Weekday labors are condemned by the 4th command, much more are our recreations on the Lord's day

Discussion in 'The Law of God' started by NaphtaliPress, May 16, 2018.

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  1. NaphtaliPress

    NaphtaliPress Administrator Staff Member

    Facebook 'memory' so posting here as well. Don't miss the longer bit after the footnotes.
    Nicholas Bownd makes the point arguing from the greater to the lesser.

    {Zanchius moves this question, “Why all outward servile work is to be avoided on the Sabbath day;” and renders this reason, Quia sunt impedimenta, “because they are lets and hindrances unto men, that they cannot attend upon those things which God requires in His outward worship.”[287] For the end of the rest is not simply that a man should be idle, but that he might more commodiously the whole day give himself to God’s service. For as Athanasius says,

    Non otij causa, God gave not the Sabbath to make men idle. For whereas every day in the sacrifice was offered a lamb in the morning and in the evening; upon this day He commanded that two lambs should be slain in the morning and two in the evening, and that twelve loaves should be set upon the table with frankincense, etc. [Lev. 24:8]. If He had delighted in idleness, He would not have commanded so many things to be done.[288]

    But the end of rest was that they might attend upon other things, whereupon St. Augustine thus concludes, in one of his sermons which we noted before: Videamus, ne otium nostrum vanum sit. “Let us take heed that our rest be not turned into idleness and vanity; but being sequestered from all rural works, and from all business, let us wholly attend upon the worship of God.”[289] The principal end then of rest, is |130| that we might in soul and body, without all let and interruption, wholly attend upon the worship of God.}

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    287. Zanchius, the fourth commandment. [Col. 663.]

    288. Athanasius, Matt. 11:27 [sic]. [“Non enim principaliter ocii causa….” Cf. S. Athanasius–Dubia, De Sabbatis et Circumcisione, §1. PG 28, col. 135, §2. “Non enim otii præcipue causa….” Opera ({Heidelbergæ:} ex officina Commeliniana, 1600; Gesuiti: Collegio Romano, 1601) 761.]

    289. Augustine, ibid. [PL 39, col. 2274–2275.]

    Upon the Lord’s Day we ought to rest from all honest recreations & lawful delights.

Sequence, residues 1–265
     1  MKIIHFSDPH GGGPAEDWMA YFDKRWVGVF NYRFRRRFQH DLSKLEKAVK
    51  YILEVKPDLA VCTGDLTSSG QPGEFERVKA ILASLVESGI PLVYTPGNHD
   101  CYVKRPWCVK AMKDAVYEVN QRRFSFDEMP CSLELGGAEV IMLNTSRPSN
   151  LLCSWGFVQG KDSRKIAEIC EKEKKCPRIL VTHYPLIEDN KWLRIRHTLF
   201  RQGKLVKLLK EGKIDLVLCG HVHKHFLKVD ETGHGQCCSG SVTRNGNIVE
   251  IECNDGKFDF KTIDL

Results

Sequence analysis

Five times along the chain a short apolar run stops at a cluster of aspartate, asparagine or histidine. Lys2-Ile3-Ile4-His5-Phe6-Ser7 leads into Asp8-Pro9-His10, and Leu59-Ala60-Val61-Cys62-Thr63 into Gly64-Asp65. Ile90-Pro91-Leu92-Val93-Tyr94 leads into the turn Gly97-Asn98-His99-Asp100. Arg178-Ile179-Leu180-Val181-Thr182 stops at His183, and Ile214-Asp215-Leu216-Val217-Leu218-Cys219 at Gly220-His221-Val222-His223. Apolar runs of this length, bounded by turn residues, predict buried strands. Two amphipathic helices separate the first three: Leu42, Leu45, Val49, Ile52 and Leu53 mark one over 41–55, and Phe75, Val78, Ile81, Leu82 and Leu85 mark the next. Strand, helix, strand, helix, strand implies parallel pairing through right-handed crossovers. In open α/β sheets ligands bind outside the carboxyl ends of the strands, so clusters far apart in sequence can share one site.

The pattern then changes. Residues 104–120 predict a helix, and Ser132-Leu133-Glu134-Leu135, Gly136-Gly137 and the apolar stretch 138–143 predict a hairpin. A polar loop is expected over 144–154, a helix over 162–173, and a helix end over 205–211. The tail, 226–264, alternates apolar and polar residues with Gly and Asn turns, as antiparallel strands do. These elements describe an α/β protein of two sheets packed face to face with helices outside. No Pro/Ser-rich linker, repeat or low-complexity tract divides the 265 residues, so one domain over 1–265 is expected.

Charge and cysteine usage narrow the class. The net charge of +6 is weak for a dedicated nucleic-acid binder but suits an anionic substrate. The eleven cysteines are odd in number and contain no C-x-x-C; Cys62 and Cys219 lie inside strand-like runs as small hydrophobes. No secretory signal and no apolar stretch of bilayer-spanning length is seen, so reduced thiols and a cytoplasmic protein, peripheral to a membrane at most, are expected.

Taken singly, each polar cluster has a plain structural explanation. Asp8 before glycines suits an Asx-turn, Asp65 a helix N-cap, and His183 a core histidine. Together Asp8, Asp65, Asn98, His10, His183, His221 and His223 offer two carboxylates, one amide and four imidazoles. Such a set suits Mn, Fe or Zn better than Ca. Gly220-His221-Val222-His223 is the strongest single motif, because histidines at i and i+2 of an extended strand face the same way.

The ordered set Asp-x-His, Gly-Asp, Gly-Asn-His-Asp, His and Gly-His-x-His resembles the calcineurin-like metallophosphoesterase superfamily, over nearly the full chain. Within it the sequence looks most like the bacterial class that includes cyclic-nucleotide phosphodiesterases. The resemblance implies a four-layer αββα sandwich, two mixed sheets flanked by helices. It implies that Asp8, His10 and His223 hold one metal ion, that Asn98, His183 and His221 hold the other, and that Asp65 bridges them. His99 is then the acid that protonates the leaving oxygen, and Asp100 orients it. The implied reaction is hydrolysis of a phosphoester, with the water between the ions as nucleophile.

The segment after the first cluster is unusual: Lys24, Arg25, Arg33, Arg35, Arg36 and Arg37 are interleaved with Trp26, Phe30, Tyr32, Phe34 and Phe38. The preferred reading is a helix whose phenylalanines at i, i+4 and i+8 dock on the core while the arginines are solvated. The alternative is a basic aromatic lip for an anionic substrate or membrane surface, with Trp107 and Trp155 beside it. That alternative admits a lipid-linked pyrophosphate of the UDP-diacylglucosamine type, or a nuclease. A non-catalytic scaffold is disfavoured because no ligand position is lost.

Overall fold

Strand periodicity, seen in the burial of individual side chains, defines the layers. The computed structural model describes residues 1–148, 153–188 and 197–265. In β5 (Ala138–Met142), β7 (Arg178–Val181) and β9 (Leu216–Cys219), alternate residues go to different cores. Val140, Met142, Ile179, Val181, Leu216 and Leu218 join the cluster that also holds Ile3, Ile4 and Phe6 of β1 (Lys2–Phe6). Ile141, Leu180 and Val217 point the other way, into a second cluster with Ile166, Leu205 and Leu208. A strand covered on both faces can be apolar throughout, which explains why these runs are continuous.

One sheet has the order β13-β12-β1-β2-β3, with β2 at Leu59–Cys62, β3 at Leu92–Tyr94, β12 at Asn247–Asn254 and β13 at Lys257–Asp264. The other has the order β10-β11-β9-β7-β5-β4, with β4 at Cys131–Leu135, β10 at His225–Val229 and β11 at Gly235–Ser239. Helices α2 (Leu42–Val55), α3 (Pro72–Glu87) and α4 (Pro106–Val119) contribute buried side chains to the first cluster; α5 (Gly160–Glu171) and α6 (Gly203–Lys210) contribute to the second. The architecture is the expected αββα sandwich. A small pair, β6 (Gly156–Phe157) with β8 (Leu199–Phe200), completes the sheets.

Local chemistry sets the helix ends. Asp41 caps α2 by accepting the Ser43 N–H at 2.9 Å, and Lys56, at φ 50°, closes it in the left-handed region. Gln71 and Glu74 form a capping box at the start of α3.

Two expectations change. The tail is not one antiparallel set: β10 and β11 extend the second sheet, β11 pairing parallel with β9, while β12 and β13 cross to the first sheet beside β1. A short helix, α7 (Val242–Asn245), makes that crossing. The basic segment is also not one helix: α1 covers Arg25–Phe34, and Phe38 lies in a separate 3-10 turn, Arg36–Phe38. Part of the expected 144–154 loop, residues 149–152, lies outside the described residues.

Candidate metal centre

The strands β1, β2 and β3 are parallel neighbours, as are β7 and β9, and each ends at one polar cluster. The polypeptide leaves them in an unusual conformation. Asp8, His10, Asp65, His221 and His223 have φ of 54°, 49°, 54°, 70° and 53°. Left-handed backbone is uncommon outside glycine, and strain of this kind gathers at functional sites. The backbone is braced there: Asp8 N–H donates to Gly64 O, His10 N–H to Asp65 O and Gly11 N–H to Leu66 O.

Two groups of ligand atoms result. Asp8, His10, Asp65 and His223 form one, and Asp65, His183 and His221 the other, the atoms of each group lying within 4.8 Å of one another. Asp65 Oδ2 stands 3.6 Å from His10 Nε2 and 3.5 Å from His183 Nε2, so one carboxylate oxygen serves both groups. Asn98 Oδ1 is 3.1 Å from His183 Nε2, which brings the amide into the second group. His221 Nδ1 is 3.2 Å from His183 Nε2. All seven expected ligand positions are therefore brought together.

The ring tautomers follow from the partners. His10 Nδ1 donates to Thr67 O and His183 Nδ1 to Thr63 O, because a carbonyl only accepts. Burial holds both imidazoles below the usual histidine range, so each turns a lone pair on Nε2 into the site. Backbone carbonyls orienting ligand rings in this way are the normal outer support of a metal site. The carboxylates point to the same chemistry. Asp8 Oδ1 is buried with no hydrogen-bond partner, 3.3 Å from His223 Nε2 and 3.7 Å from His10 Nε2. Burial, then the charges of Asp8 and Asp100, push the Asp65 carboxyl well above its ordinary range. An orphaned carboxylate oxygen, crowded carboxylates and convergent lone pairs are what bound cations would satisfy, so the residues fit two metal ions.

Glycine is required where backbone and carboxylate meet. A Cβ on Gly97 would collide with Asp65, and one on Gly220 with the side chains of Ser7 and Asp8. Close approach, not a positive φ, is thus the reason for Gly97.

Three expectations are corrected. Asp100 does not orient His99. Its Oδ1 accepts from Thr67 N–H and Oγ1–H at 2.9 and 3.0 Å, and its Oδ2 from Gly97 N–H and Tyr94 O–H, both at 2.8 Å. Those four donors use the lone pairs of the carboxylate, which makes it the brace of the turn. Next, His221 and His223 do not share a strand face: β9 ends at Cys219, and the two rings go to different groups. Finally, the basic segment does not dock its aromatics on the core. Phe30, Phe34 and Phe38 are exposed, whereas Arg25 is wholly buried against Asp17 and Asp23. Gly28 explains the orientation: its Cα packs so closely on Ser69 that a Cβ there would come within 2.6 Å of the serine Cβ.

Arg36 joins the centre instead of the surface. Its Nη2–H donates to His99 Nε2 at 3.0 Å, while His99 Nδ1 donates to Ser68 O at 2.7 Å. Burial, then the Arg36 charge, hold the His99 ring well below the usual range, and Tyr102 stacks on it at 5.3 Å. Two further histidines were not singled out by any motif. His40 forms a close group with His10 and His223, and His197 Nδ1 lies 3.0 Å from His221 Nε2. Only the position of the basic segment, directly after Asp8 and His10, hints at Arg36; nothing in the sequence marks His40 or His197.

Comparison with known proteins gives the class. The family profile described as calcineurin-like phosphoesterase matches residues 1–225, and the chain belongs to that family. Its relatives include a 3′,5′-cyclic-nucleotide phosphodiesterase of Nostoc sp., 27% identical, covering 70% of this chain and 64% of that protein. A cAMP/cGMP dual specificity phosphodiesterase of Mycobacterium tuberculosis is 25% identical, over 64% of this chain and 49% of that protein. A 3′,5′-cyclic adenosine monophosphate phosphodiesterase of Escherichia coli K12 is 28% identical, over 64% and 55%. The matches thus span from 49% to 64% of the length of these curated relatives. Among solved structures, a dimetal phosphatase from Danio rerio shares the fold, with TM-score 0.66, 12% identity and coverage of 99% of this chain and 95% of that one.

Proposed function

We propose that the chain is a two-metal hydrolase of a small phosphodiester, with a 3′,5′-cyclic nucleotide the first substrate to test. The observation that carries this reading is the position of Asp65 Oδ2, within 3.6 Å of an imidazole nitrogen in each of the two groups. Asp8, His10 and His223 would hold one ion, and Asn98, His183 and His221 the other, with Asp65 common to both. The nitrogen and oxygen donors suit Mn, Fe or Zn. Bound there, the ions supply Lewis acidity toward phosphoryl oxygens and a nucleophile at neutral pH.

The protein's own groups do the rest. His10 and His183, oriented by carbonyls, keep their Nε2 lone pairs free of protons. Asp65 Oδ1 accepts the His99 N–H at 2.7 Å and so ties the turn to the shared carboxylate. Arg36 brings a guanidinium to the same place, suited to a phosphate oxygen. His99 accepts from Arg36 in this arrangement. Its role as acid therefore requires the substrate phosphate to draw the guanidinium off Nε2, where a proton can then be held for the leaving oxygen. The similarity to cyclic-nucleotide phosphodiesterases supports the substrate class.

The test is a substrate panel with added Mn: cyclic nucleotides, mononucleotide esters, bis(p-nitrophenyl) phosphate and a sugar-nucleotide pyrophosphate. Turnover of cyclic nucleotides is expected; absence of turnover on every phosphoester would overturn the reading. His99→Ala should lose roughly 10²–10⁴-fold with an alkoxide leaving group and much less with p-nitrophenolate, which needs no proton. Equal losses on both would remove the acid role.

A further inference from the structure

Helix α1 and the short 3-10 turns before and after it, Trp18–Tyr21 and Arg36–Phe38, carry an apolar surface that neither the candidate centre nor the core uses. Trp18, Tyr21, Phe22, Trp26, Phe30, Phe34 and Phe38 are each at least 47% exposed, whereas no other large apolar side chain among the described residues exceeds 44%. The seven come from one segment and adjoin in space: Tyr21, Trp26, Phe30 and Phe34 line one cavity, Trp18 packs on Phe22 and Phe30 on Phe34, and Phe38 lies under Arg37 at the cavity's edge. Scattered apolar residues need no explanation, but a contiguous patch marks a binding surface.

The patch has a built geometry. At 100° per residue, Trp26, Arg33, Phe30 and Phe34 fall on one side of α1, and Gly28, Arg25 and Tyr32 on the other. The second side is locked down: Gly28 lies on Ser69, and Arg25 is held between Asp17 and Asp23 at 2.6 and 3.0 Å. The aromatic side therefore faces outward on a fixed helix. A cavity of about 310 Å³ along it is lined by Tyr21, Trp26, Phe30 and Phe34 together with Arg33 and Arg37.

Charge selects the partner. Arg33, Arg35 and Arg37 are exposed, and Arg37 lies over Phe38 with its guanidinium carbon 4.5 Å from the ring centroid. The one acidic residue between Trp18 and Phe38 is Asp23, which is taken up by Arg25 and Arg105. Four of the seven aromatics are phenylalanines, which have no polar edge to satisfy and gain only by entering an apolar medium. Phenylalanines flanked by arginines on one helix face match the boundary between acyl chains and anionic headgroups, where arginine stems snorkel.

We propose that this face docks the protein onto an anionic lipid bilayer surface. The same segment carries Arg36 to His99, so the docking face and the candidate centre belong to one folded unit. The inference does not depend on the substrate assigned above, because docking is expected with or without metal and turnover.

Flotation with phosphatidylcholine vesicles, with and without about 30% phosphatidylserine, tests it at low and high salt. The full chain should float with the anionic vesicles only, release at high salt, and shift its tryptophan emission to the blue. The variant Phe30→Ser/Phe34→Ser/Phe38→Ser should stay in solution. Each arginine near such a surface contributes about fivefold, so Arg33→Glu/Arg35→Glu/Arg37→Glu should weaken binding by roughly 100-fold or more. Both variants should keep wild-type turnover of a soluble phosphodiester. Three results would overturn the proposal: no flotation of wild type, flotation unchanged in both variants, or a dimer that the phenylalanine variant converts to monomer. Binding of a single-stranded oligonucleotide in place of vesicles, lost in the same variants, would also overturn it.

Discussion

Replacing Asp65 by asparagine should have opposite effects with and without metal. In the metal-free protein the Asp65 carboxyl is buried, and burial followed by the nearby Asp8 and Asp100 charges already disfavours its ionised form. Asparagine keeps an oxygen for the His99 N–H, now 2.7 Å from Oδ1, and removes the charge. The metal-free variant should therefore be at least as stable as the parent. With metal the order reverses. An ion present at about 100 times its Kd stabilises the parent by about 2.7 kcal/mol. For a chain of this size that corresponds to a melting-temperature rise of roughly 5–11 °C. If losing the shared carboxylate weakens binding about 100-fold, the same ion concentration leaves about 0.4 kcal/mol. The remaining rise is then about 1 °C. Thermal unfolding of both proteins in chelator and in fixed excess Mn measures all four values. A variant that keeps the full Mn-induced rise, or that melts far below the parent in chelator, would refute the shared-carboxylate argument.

But to proceed in this matter according to my purpose; it is most certain that we are not only commanded to rest from these that we have spoken of, but from all other things which might hinder us from the sanctifying of the Sabbath, as well as these: of which sort are all honest recreations, and lawful pleasures, which are permitted unto us upon the other days, to further us in the works of out calling, which we do also stand in need of sometimes, even as of meat, and drink, and sleep. For if those worldly duties (which we are commanded to walk in, and be of necessity required, and without the which the commonwealth cannot stand at all) are then forbidden, when we should attend upon the Lord’s work, because we cannot be wholly occupied in both; much more those things must be given over which serve but for pleasure, without the which mankind may continue, though not so well continue. Because we cannot have the present delight in the use of them, and yet at the same time be occupied in the hearing of the Word, and such other parts of God’s holy worship and service, as He requires of us upon the Sabbath day. Nay, because men cannot be both at church serving God with the rest of the people, and in their houses sporting themselves with their companions together; nor in the great congregation (Ps. 35:18) praising God with their brethren, and in the open fields playing with their fellows at one time (and God upon the Sabbath requires these of them). Therefore, the other must give place to them, and we must not think it sufficient that we do no work upon the Sabbath, and in the mean season |263| be occupied about all manner of delights, but we must cease as well from the one as from the other.

    … And we must rest from these things so much the more, by how much the works of our recreation are less needful, than the works of our vocation, and yet do more hinder us from the sanctifying of the Sabbath than they. For experience (which is the mistress of very fools) may teach us (and our nature is such that it must needs be so), how much we are moved with delectable things everyone in his kind, some this way, another that; how marvelously they do affect us, how all our senses are taken up with them, and all the parts of soul and body wholly possessed with them, that for the present time none of them can be occupied about the Lord’s work immediately, at least wise as they should be.

    Nicholas Bownd, The True Doctrine of the Sabbath (Naphtali Press and Reformation Heritage Books, 2015) 152–153, 267-268. This book is still available at Naptali Press and also at a super low price of only $14 plus postage at Reformation Heritage Books (as of the date of this posting).
     
  2. Tom Hart

    Tom Hart Puritan Board Junior

    I'll need to get this book! Thank you for sharing.
     
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